Lady Phoebe Renshaw and her lady’s maid, Eva Huntford, are preparing for a wedding, but it may not be the happy occasion everyone hopes for. . .
Since the Great War, some family fortunes have suffered, including those of the Renshaws. Despite being the granddaughter of an earl, Julia Renshaw is under pressure to marry for money—and has settled for Gilbert Townsend, a viscount and a wealthy industrialist. He is decades older than Julia, and it’s clear to her sister Phoebe—and to Eva, who has been like a surrogate mother to the girls—that this is not a love match. Nevertheless, the wedding takes place—and in a hurry.
At the reception aboard the groom’s yacht, there appears to be tension between Gil and several guests: his best man, a fellow veteran of the Boer War; his grouchy spinster sister; and his current heir, a nervous young cousin named Ernest. The bride is also less than pleased when she discovers that her honeymoon will be more crowded than expected—with Gil’s pretty secretary, among others, coming along.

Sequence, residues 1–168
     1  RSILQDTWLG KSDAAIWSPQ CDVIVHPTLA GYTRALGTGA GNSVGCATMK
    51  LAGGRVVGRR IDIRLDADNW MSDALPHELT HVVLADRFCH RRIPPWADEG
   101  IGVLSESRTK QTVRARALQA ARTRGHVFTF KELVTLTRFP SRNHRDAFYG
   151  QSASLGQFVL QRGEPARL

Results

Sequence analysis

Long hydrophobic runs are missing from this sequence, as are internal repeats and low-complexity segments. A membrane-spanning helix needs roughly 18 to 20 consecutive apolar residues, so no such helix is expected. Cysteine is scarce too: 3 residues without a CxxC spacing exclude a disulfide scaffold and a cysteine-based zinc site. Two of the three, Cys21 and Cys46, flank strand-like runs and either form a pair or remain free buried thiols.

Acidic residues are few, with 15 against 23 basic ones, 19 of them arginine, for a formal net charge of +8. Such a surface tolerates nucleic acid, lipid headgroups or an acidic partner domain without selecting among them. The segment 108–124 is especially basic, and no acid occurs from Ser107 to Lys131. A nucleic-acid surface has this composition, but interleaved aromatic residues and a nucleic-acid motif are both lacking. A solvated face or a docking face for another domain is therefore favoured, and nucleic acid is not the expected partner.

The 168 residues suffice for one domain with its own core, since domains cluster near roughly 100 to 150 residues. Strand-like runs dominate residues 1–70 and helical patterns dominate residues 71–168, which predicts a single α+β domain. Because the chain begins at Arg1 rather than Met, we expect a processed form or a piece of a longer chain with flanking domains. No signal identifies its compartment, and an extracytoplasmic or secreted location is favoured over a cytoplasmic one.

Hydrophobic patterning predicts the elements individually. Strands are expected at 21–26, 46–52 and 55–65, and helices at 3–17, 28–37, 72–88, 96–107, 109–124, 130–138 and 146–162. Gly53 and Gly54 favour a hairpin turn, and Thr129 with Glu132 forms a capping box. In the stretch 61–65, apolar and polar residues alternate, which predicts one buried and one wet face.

That very night, Julia pounds on her sister’s door, brandishing a bandaged hand and reporting a hot-tempered outburst on her new husband’s part. Julia is feeling doubt and regret about her hasty decision, but returns to the boat. Then the next morning, before the yacht can depart the harbor, Gil’s body is found in the water below—and Phoebe and Eva must discover who pushed him over . . . before the Renshaws’ social standing is irreparably stained by Julia’s arrest for his murder . . .
Praise for Alyssa Maxwell and her Lady and Lady’s Maid Mysteries!
A Devious Death
“Well-crafted . . . Maxwell artfully portrays the personal dynamics of English society at the time, and readers will hope to see more of the endearing Phoebe and Eva.”
“An unusual twist rooted in the recent horrors of World War I adds interest to a country-house mystery.”
A Pinch of Poison
“A sweet, delightful mystery, which is sure to appeal to historical-fiction and mystery readers alike.”
“Along with a bracing mystery, Maxwell explores compelling themes. Although this is from a slightly earlier time period, it’s a good match with Rhys Bowen’s Her Royal Spyness series.”
Murder Most Malicious
“Entertaining . . . some of the characters and scenes are highly reminiscent of TV’s Downton Abbey, but Maxwell makes Phoebe and Eva distinctive personalities in their own right.”
“The story is so good, you don’t want it to end.”
“Downton Abbey fans will enjoy Maxwell’s evocative descriptions of a particular society as it transitions from the Edwardian Age to modern times.”